Bob and Joy
                                      
 
     By Bob and Joy Schwabach
                                                                        

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January 2006, Week 3 -- Halt! What's the Password?

Roboform


   Who can remember all those passwords? The average user has more than a dozen. We have fewer than that and still have to write them on the wall.

 

   Is there any hope for the password impaired? Well, yes. Pass2Go is a free program that manages, you guessed it: passwords. Pass2Go is designed for flash drives, sometimes called thumb drives. It's useful when you want to use a guest computer. The flash drive has your password and login information, and you don't have to enter it with the guest computer's keyboard. Another free program, called simply RoboForm, is meant to be used on your own computer.
   
     You start by downloading the software from the RoboForm Web site: www.roboform.com. From then on, every time you go to a site that requires a password, you have the option of having the program remember that information. This is then stored in a master file that is encrypted and can be made available only with a password.
   
     You can go to any previously visited Web site just by choosing it from a drop-down menu. When you take this route, you are automatically signed in at the site.
   
     Both Pass2Go and RoboForm can also be used to fill out forms. For example, a lot of Web sites ask for your address, phone number, and sometimes age and other information. You can fill it in once, and RoboForm will then do it automatically for other sites. This is especially useful for stupid Web sites that make you start all over again if you missed a line. We've seen lots of those.
   

 

The program also puts an area called "Safe Notes" on your browser's toolbar. You would use this to store other guarded information like lock combinations, credit card numbers, software activation codes, etc.

 

 

     RoboForm is free in a limited version, or $30 in a professional version.
   
  Cheap Photo Editing
   
 Photo Story 3

 Picasa 2

  

   Photo editing is a hot topic, and we get reader requests about it every day. A lot of what you can do in this area is available for free. Here are some easy paths to take:
 
   To make a slideshow, you can go to www.microsoft.com and download Photo Story 3. For removing red eye, cropping pictures, adding captions and other basic tools, there is EasyShare from www.kodak.com and Picasa from www.google.com. These are also free.
 
 Easy Share    But if you want to get really serious about editing and organizing photos, there are three packages that vie for first place in our hearts and minds. They are Microsoft Digital Image Suite 2006, Adobe Photoshop Elements 4 and Ulead's PhotoImpact 11.
   

Digital Image Suite

 

 

   Digital Image Suite 2006 can be found for $88 from Amazon. One of its best features is "smart erase," which can get rid of flaws and even whole objects just by drawing a line and clicking the smart erase button.
 
   The popular Adobe Photoshop Elements 4 can be had for $55 through bizrate.com now. It's best known for photo organizing. It has great tutorials that walk you through all kinds of editing tricks and special effects. If you have trouble following, you can simply click on a button that says "do this for me."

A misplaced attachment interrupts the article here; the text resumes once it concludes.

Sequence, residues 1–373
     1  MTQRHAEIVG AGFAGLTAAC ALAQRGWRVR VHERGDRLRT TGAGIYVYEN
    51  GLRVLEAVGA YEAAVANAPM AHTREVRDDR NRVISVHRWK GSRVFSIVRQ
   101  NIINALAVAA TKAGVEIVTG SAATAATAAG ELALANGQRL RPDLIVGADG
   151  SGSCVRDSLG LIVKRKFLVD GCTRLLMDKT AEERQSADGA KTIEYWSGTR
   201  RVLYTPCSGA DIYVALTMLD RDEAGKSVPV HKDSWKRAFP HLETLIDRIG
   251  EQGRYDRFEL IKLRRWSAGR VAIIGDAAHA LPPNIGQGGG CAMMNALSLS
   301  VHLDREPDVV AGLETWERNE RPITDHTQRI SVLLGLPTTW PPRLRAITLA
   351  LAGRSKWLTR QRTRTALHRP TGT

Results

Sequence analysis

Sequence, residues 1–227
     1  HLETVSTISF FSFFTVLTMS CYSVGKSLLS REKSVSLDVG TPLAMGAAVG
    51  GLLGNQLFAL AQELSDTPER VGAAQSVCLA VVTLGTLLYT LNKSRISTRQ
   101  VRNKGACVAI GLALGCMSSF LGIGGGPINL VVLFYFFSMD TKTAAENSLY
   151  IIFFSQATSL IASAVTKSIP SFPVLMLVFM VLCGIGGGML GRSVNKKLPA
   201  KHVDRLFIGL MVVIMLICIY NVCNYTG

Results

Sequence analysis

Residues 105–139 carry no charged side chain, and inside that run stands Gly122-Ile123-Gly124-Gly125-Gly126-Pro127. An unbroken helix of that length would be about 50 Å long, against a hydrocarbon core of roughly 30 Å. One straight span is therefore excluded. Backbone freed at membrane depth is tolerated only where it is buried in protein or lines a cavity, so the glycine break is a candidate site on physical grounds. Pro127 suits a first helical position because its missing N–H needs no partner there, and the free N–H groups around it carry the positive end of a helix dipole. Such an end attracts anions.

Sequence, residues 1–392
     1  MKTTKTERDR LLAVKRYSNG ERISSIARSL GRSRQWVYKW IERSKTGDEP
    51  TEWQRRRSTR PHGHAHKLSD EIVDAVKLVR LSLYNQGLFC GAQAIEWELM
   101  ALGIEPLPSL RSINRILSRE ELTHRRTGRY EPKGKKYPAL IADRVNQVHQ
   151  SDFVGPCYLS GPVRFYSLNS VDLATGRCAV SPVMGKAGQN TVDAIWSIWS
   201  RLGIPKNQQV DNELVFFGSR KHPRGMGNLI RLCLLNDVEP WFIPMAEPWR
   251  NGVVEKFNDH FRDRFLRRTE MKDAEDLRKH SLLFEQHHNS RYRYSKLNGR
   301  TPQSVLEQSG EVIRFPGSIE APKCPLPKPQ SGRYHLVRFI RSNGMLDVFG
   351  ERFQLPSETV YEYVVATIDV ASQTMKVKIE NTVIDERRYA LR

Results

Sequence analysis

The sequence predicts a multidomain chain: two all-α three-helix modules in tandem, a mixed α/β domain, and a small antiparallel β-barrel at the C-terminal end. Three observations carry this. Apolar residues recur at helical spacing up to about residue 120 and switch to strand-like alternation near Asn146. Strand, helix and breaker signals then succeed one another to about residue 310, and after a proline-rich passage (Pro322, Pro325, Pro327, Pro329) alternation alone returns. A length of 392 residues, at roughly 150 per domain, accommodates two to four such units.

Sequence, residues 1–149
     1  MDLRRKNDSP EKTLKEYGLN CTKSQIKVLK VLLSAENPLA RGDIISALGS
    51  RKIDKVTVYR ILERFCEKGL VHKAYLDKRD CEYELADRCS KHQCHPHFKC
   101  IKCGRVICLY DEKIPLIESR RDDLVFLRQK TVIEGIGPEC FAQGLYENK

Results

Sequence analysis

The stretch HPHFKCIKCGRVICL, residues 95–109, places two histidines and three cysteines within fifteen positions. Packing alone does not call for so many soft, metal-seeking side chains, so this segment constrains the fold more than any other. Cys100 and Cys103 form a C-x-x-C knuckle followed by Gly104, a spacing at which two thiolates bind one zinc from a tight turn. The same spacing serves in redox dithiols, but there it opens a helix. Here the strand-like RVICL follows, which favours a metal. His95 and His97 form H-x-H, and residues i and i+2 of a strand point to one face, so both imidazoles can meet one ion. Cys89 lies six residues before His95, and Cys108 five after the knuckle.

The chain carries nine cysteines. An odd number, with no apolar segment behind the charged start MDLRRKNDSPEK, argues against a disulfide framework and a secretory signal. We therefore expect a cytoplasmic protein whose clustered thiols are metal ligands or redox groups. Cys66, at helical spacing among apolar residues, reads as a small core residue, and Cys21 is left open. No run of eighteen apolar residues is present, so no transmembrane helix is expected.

Ulead PhotoImpact has long been the photo editing program we use most. The new version 11 is absolutely tops at masking -- the ability to remove an object from one scene and move it into another. It also has the best "one-button fix" of any photo editing program we've tried. The program is just $50 from Ulead's own Web site: www.ulead.com.
   
  Happy Birthday, Ben!
   

Ben Franklin

   January 17 would be Ben Franklin's 300th birthday if he hadn't had the poor taste to die. In honor of his memory, the place to go for all things Franklin is http://ben.clusty.com.
 
   This is a recently created subset in our favorite search engine: Clusty. Almost any search term you type in will yield something about this founding father. As author of Poor Richard's Almanac, Franklin was well-known for proverbs and aphorisms. You get a proverb at the top of the page for many search terms, or you can click the proverbs tab and see them all. Did you know Ben Franklin started the first fire insurance company?
 
   Franklin was one of the most important movers of the American Revolution, and this is a fun way to review his thoughts and life. He was world famous for his experiments on lightning and electricity, and when he was ambassador to France it was widely rumored in Paris that he carried a lightning bolt in a little container in his pocket.
   Head First HTML

 

 

 

 

 

 
Books
 
   "Head First HTML," by Elisabeth Freeman and Eric Freeman; $35 from www.oreilly.com.
   Who would have thought that a book about HTML (hypertext markup language) would be witty? But witty it is, and not only fun to read but by far the best book we have ever seen on the HTML code that controls Web sites.
   You can use this book to create a Web site using just the tools that come with Windows -- no special Web site-making program required. You can see the results in your browser, without having to actually publish it to the Web. A great book. The authors, Eric and Elisabeth Freeman, take you by the hand and waltz you around the room.